This is going to be big for VR and "Visual Waifus". Leonardo A.I. can already create basic 3D assets and PBR textures for game models.This will enable game designers and artists to create entire 3D worlds which previously would have been too labour intensive, time-consuming and expensive. I suspect entire 3D environments or game levels will eventually be generated almost entirely by A.I. Then of course more effort can be put into programming the main game characters - again, perhaps with help from various A.I. 'coding co-pilot' tools.
>>21947 Outstanding stuff SophieDev, thanks! >I suspect entire 3D environments or game levels will eventually be generated almost entirely by A.I. I think you're right, and I suspect that in film at least, it's already being done in large measure. Cheers!
>>21944 Using much higher-quality data and starting from Pythia 12B, a GPT NeoX model >>21947 Training on synthetic data is going to be huge. This stuff is going to improve orders of magnitude faster than anyone expects. I'm working on a Stable Diffusion model that removes the AI-generated look by training on AI-generated images, then training on the ones it generates to iteratively refine itself towards novelty and my aesthetic. I'm amazed it can spit out images that look just like my art without looking like AI did it unless I look at them closely but my hypothesis is that's due to not finetuning the VAE yet I hope someone out there takes up the task of generating a synthetic instruction dataset that outperforms human data. Language models just need to improve a little more before they become usable on low-end hardware to work with other generative models for illustrations, 3D models, co-pilot, sound effects, music, voice acting etc. I predict in 1-2 years we'll be writing prompts for entire games then refining them in a conversational interface
We need to scrape more. The Vacuna model is trained on data from a site called ShareGPT, where users shared their conversations with ChatGPT. Now they don't share that data anymore and the Vacuna team won't share their scraped data.
>>21968 I'm currently fishing around for ideas for a 'final' project for our C++ classroom thread. This might be a really good choice Noidodev. How can we all cooperatively work to score/tweak/combine the scraped data into a high-quality, fully-vetted, unified dataset Anon?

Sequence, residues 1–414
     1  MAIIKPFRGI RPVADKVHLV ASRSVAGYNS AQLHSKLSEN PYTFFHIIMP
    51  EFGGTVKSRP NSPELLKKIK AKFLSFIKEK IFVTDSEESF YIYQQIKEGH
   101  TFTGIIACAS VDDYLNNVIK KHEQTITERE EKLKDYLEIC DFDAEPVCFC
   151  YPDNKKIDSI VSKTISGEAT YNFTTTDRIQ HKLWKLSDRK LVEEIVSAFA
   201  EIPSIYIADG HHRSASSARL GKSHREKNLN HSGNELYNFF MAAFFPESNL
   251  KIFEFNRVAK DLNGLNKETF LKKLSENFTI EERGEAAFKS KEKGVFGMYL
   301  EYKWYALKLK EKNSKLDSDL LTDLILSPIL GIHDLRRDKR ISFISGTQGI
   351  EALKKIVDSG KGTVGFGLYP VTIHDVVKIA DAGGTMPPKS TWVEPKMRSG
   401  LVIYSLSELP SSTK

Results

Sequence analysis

>>21961 >I hope someone out there takes up the task of generating a synthetic instruction dataset that outperforms human data. Can you make a post breaking this out in detail and explaining every step in laymen programmer's terms Anon? What would this look like as a complete systems? How would the parts communicate & work together towards this functionality? TIA. :^)
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>>21968 I've been saving my chats and thinking of creating a preference dataset by sampling multiple models and choosing the best responses. Out of curiosity I gave Sage a description of what I needed to make a dataset just now and it generated a working PyQt application. Just needs some buttons to add and remove chats and save the data. I'll see how it does on modifying it further. >>21973 There's different ways to approach it. The easiest way would be to create a preference model so it can judge the quality of responses itself. Human examples would be the gold standard that it imagines new instructions and responses from using few-shot learning. This worked quite well for Unnatural Instructions and Unsupervised Data Generation: https://arxiv.org/abs/2212.09689 https://arxiv.org/abs/2109.09193 However, you don't just want a flood of synthetic data to train on. If you create a preference model then it can judge the quality of generated examples and do best-of-n sampling to choose the best. Constitutional AI could also be used to critique outputs and revise them to given goals: https://arxiv.org/abs/2212.08073 Going a step further a Generative Teacher Network could be done, where the teacher learns to generate samples on an outer training loop and a student network learns on the data created by the teacher in an inner loop. With flash attention, LoRAs and gradient checkpointing we should be capable of doing this for enough steps that the teacher network learns something useful. This would be extremely compute intensive but I think it would be worth the endeavor by reducing the best-of-n samples needed to get a good response and overall improve the generated dataset: https://arxiv.org/abs/1912.07768 Also with GTN data a preference model could predict how good a sample will be for training a student. Then that prediction could be used with best-of-n sampling during training. And perhaps if training a GTN is too difficult I think a preference model could still learn from regular generated training data to predict the outcome of a student network's training.
>>21977 Excellent response Anon, thanks! I'm wondering what scale of 'flood' do we need? IBs are roughly by definition chock-full of back-and-forth dialog (and generally with easily-chainable conversations at that, given the format). And better than average boards have some quite good content. /robowaifu/ for example is one of them IMO. This is in fact one of the reasons we occasionally publish the board's full JSON archive to provide this fodder to researchers. There are ofc boards much, much larger than ours in size, and a few of them are the kind that plenty of good dialog goes on within them (you'd need better pozz filters on the data in those big-sized cases ofc). Just an idea Anon. :^) >Teacher network <[outer:samples] >Students network <[[inner:samples]] >Also with GTN data a preference model could predict how good a sample will be for training a student. Really intriguing stuff. Seems just on the surface, to my amateur eye, that this could almost be a self-sustaining source of dialogs on most any topic imaginable if managed properly... Thanks again Anon, cheers! :^) >=== -prose edit